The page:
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10 July

Erez Braun The living cell as a sloppy dynamical system

10h30 à 12h

Le séminaire de Erez Braun (Department of Physics & Network Biology Research Laboratories, Technion) aura lieu dans l’amphi Urbain ESPCI, 10 Rue Vauquelin, Escalier N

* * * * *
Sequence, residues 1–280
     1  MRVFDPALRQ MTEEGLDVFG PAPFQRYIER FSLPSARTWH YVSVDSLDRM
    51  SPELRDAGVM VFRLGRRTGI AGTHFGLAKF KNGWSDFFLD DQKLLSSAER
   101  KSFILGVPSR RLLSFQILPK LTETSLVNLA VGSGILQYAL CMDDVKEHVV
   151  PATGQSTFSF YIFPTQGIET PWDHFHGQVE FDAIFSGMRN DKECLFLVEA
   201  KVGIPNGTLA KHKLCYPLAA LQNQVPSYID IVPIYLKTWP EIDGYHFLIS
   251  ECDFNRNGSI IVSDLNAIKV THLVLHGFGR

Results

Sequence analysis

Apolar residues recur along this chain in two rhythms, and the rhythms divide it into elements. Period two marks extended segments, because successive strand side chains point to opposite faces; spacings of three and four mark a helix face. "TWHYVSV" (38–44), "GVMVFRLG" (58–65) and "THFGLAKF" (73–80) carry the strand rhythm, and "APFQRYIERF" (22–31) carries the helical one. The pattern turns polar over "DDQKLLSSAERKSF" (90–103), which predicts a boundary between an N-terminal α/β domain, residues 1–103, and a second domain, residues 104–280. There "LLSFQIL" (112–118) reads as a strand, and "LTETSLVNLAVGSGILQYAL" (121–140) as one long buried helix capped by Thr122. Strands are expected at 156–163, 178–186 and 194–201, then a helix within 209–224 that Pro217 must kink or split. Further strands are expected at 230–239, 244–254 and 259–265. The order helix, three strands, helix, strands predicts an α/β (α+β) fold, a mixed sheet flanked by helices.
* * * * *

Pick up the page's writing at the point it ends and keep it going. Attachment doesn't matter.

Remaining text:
Sloppy is a term used to describe a large class of models in physics and biology, exhibiting large uncertainty in their parameters when fit to data. I argue that the living cell itself is a sloppy system; namely, it does not fix its own kinetic parameters but rather utilizes this freedom to adapt. Indeed, biological cells present a paradox, in that they show simultaneous stability and flexibility, allowing them to adapt to new environments and to evolve over time. The emergence of stable cell states depends on genotype-to-phenotype associations, which essentially reflect the organization of gene regulatory modes. These in turn, determine the protein content of a cell—the primary determinant of its morphology, metabolism and function. However, the protein content fluctuates even among genetically identical cells in a population grown in well-mixed environments, resulting in broad distributions. We show that protein distributions measured under a wide range of biological realizations, have a universal shape, independent of the underlying biological specificity. Thus, cell-to-cell fluctuations do not reflect microscopic noise. We also show that the population-average protein dynamics exhibit slow collective modes that do not reflect specific biological functionality. These results suggest that due to its sloppy characteristics, the content of each individual protein in the living cell is not by itself a relevant variable. How the protein degrees of freedom are utilized effectively to support the cell’s functionality is therefore an open question. Our experiments suggest that the emergence of stable cell states should be understood by searching the relevant variables in the form of collective modes.